Australian lithium output cuts seen on price slump

Greenbushes lithium mine is located 250km south of Perth. (Image courtesy of Talison Lithium.)

Australian lithium producers may be set to track the nickel industry in project curtailments and delays this reporting season, analysts say, given slower than expected electric vehicle (EV) sales, but the jolt is expected to be less severe.

Both sectors are contending with a sharp drop in raw materials prices because of the EV slowdown, but lithium is expected to snap back faster because its oversupply is seen as short term.

Nickel miners have come under pressure because of a surge in Indonesian supply that has hammered prices and triggered a spate of writedowns, reflecting a shift in market structure that could last as long as three years, according to First Quantum.

“If you have a prolonged period of depressed pricing then there is the potential to see additional capacity curtailments and or delays, or deferrals of new projects and capacity,” said analyst Reg Spencer of Canaccord in Sydney.

“(But) the energy transition has not gone away, it’s just a period of slower demand growth,” he added.

Core Lithium on Jan. 5 announced job cuts and suspended mining at its Finiss operations in the Northern Territory while Liontown Resources had to return to market to restructure its debt on Monday which sent its shares tumbling more than a quarter.

After a six-fold surge in prices from late 2021, lithium miners like Pilbara Minerals have built up a cash cushion that offers protection as prices reverse course, said Glyn Lawcock of Barrenjoey. Pilbara reports on Wednesday.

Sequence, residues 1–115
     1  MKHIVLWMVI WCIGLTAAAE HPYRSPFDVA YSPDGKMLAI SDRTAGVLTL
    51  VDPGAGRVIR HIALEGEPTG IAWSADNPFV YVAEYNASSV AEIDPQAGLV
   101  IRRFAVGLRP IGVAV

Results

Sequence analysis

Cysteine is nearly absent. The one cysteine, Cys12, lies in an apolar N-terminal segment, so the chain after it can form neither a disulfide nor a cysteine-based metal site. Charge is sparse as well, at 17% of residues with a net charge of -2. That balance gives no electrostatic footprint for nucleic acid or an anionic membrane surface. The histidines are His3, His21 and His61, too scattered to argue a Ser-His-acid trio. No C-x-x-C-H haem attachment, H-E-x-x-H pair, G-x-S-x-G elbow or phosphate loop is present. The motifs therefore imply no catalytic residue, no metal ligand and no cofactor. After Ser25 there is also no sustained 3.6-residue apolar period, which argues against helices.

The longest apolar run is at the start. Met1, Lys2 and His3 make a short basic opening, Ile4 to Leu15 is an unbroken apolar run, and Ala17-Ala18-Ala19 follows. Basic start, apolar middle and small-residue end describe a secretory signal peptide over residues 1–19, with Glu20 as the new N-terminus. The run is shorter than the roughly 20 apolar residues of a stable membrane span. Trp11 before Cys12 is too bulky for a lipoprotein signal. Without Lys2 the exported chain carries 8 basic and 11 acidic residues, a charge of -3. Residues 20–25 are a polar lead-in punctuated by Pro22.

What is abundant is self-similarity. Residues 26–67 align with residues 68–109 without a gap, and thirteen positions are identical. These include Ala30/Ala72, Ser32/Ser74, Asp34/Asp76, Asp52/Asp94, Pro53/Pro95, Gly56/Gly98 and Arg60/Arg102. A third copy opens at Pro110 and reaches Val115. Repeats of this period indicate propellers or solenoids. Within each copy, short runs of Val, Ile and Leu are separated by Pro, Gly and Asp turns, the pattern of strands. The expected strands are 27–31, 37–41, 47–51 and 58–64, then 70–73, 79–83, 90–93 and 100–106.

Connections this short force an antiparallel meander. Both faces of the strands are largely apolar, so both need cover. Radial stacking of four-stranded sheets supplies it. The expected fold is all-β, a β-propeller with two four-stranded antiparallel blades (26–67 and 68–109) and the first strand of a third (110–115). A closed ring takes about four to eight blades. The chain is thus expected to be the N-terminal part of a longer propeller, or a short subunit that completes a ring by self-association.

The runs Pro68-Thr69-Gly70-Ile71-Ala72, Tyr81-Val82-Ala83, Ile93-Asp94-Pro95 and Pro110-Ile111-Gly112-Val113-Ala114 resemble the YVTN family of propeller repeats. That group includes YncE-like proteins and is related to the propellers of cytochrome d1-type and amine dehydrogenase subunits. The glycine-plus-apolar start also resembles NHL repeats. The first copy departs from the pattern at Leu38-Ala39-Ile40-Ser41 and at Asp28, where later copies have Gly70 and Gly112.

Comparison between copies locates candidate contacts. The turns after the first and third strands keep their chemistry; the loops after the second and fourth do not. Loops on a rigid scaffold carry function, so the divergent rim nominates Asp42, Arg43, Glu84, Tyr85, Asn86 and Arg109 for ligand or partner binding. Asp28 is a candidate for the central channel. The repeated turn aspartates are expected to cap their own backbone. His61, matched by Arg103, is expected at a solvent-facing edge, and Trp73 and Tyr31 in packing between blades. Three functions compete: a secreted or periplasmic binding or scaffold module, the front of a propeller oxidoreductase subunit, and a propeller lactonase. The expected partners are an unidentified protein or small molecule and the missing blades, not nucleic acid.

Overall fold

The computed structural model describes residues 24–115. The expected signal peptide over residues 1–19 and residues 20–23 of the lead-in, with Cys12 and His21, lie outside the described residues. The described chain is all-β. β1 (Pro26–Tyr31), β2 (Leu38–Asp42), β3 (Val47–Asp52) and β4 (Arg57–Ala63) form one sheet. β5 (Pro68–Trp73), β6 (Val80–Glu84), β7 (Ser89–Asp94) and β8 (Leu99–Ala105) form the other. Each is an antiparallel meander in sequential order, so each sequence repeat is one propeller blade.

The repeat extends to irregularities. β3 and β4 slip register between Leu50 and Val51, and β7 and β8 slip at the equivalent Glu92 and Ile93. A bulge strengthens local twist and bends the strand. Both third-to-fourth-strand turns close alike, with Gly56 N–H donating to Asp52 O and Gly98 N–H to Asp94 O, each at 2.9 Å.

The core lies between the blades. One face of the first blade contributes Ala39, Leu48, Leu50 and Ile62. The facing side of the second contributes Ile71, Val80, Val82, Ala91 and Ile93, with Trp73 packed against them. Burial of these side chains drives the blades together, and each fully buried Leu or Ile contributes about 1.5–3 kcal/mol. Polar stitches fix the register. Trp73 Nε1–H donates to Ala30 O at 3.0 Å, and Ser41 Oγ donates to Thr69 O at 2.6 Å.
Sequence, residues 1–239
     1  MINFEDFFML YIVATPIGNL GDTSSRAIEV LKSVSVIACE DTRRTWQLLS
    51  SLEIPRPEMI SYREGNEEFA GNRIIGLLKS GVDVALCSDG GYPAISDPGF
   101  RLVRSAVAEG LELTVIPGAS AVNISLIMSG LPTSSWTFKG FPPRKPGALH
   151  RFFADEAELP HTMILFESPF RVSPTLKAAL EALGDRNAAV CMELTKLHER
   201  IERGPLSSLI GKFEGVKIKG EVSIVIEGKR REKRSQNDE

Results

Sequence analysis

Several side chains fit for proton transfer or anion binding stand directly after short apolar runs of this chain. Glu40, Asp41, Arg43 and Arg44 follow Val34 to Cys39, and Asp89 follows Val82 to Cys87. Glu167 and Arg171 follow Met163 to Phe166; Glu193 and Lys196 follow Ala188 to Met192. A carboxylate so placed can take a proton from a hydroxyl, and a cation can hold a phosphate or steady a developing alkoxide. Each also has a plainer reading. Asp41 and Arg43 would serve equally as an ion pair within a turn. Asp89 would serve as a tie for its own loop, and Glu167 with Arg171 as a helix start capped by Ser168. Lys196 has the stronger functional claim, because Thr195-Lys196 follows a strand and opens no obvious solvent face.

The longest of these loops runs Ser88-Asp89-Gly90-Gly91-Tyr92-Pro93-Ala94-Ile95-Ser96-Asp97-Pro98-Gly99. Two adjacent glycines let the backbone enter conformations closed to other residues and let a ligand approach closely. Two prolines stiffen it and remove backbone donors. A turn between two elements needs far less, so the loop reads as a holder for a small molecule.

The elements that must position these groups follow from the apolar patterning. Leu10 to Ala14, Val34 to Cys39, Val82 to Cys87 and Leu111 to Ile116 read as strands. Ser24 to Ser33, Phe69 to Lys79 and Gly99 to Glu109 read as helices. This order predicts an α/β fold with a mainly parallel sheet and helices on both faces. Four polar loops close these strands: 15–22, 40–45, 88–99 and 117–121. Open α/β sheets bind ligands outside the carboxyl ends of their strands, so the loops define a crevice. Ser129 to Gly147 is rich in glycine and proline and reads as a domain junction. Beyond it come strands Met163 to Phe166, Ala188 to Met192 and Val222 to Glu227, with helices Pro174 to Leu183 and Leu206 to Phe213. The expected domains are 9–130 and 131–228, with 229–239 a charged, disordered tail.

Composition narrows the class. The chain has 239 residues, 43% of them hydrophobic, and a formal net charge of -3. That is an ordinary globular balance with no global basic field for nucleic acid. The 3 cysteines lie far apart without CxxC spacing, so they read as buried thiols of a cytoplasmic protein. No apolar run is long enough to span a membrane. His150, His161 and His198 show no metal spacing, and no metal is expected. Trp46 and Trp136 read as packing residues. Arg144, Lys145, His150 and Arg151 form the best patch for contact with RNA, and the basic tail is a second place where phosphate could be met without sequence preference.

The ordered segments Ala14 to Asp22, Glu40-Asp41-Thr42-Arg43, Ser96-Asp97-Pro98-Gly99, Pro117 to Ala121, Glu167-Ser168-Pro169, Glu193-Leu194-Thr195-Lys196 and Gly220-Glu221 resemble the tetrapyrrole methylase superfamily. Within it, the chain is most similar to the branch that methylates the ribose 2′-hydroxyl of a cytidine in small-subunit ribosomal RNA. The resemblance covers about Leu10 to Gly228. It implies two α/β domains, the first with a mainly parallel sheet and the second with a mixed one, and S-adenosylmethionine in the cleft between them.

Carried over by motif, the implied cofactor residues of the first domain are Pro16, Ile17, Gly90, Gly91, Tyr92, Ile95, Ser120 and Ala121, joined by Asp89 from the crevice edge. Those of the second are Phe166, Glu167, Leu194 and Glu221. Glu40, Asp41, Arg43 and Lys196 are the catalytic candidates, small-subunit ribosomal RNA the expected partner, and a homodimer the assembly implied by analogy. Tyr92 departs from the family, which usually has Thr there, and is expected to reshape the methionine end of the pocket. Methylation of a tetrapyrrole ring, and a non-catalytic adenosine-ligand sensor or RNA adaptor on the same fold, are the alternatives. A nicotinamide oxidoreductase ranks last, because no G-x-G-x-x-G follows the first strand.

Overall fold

But even cash rich miners may seek to cut production of lithium ore spodumene if their customers want less, he added, since chemicals makers are facing a glut of existing inventories for a product with only a six-month shelf life.

“We’re looking to see whether there’s any signs of customers saying, well, we don’t need as much spodumene right now because we’re just not ready to convert it,” he said.

The world’s largest low-cost lithium mine, Greenbushes in Western Australia, has mothballed production before and IGO Ltd in September flagged cuts could be on the table.

The joint venture between China’s Tianqi Lithium, IGO and Albemarle produced 1.49 million tonnes of spodumene in the 2022-2023 financial year.

Tianqi and IGO also own the Kwinana Lithium Hydroxide Refinery which has been running well below capacity.

Mining services billionaire Chris Ellison’s Mineral Resources operates three lithium mines. It reports on Thursday.

Mt Marion, which it half owns with Ganfeng Lithium has capacity of 600,000 tonnes of spodumene.

It has a half share in the Wodgina mine with Albemarle, which has capacity for up to 750,000 tonnes of spodumene and its recently acquired Bald Hill which can produce 150,000 tonnes.

IGO, which has flagged a further writedown at its Cosmos nickel project, will be closely watched for lithium developments and its plan to develop a battery chemicals plant near Perth when it reports under new CEO Ivan Vella on Jan. 31.

(By Melanie Burton; Editing by Stephen Coates)


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